Bots are also being used by environmental campaigners. HawaBadlo, an Indian organisation fighting air pollution created a Facebook messenger bot that updates people about the air quality in the their location and provides advice on how to switch to greener fuels. Climate Reality set up a Facebook messenger bot that helps people to start taking climate action and sends updates about what they can do.

Bots for social good are helping campaigners on the front lines of health, humanitarian, political and social justice campaigns around the world, and this trend is likely to increase as more of our online interaction becomes automated. Comscore predicts that within two years 50% of all online searches will use voice. This could have a huge impact on activism. We need to be ready for the day when someone asks Siri or Alexa: “What can I do to help refugees in my neighbourhood?”

Trends in campaigning 2018: Decentralisation

2. Decentralised organising is spreading around the globe

Movements that enable people to organise in distributed ways have been on the rise in the U.S. and we’re increasingly seeing signs of this model in Europe, Asia and parts of Africa. Campaigns and social movements are using digital connectivity to empower new leaders and scale local organising.

South Africa’s #FeesMustFall movement was able to achieve significant success with few resources, no hierarchy and a decentralised self-organising model. The campaign’s results include the ruling party recently announcing free higher education.

Youth in South Africa had been calling for free higher education for over 20 years so that more black students would to be able to attend university. Protests erupted at several universities when the government announced that schools would be allowed to set their own fee increases for 2017.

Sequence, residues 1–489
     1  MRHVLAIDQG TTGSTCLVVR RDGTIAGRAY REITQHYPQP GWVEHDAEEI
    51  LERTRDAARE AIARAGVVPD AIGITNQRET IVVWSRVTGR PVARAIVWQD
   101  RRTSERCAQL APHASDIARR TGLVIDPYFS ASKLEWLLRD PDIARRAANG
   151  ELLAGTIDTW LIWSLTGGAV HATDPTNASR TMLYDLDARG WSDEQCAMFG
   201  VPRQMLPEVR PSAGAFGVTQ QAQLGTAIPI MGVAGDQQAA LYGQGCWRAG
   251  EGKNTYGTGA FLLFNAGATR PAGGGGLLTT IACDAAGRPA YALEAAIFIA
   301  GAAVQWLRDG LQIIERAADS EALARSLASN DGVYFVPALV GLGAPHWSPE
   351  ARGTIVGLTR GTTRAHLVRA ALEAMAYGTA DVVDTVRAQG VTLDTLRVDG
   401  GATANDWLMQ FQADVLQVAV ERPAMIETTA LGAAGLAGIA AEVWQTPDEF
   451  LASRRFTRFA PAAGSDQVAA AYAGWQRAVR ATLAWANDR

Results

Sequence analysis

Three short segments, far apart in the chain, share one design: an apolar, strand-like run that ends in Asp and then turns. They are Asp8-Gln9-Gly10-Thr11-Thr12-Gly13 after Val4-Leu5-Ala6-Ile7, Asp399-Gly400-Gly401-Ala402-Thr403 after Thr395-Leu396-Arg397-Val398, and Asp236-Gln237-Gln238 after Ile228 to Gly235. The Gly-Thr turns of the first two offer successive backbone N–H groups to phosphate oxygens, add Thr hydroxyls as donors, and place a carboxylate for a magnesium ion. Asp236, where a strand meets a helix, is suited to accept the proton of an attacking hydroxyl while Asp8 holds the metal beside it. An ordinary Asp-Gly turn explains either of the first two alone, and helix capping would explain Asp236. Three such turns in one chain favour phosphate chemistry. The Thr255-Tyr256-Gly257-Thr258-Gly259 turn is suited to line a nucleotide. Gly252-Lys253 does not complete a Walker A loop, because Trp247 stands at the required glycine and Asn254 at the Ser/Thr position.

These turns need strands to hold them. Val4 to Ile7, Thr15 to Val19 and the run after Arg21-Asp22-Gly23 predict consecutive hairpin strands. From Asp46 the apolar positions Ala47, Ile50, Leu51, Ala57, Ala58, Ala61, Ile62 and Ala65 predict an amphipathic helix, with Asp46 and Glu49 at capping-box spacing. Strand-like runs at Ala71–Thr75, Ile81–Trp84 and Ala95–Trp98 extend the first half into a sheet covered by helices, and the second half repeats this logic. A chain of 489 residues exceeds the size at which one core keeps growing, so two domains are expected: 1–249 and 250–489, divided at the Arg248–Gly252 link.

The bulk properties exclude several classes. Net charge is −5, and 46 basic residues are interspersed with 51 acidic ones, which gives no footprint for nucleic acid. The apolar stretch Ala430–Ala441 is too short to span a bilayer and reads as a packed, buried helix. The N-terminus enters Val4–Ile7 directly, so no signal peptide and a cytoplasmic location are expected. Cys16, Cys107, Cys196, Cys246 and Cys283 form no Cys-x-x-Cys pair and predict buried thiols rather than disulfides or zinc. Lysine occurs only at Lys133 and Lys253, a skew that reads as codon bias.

Students improvised and adapted to the specific context of each university to find a way to shut down campuses. Protests and shutdowns spread from university to university. Students set up barricades and disrupted lectures and normal functions on campus.

The #FeesMustFall movement led to a halt in fee increases and a revision of the education system to accommodate the “missing middle” — black students who do not receive full state subsidy because their parents are considered middle-class. In reality, these students can’t afford to be at university.

While the movement had drawbacks, the success of #FeesMustFall means lessons will likely be shared across the continent. There is a greater awareness of student power to disrupt systems and the importance of tactical innovation in dealing with authorities.

In Australia, the #VoteYes campaign for marriage equality brought together a coalition of thousands of organisations and companies who used GetUp’s decentralised organising platform to make 1 million phone calls and over 300,000 peer-to-peer texting conversations, helping shift the result of Australia’s marriage equality vote.

And in India, AirAlert.in, a project of Jhatkaa.org, allowed thousands of citizens to start their own campaigns to tackle air pollution. The decentralised platform has stopped tree-clearing construction projects, started a ban on open garbage burning and forced the Environment Ministry to scrap controversial plans.

Given the (increasing) limits of Facebook and other social media platforms, and the effects of polarisation on society, many organisations are returning to high touch methods like organising and decentralised campaigning to make direct and personal contact with constituents and allies and bridge divides through deep and empathetic relationship building.

In the U.S., decentralised organising continues to evolve by integrating technology and accelerating the path to action.

IfNotNow is organising young Jews to end US Jewish community support for the occupation of Palestine. They organise small symbolic protests and amplify them using Facebook Live. During the broadcast, they invite viewers to sign up for a campaign call. When people join the call, they learn about IfNotNow, hear from two new volunteers, participate in a small group discussion, and are asked to organise a symbolic action the following week similar to one they saw on Facebook Live.

IfNotNow ran several cycles of small group actions like this last year that led to mass actions with over 1,000 people in Washington, DC and Los Angeles. In 2017, they trained 1,000 people and doubled the number of chapters from 7 to 14. Over 5,000 people participated in an offline action.

Their work demonstrates that small organisations can grow rapidly using technology for mass training and decentralised organising.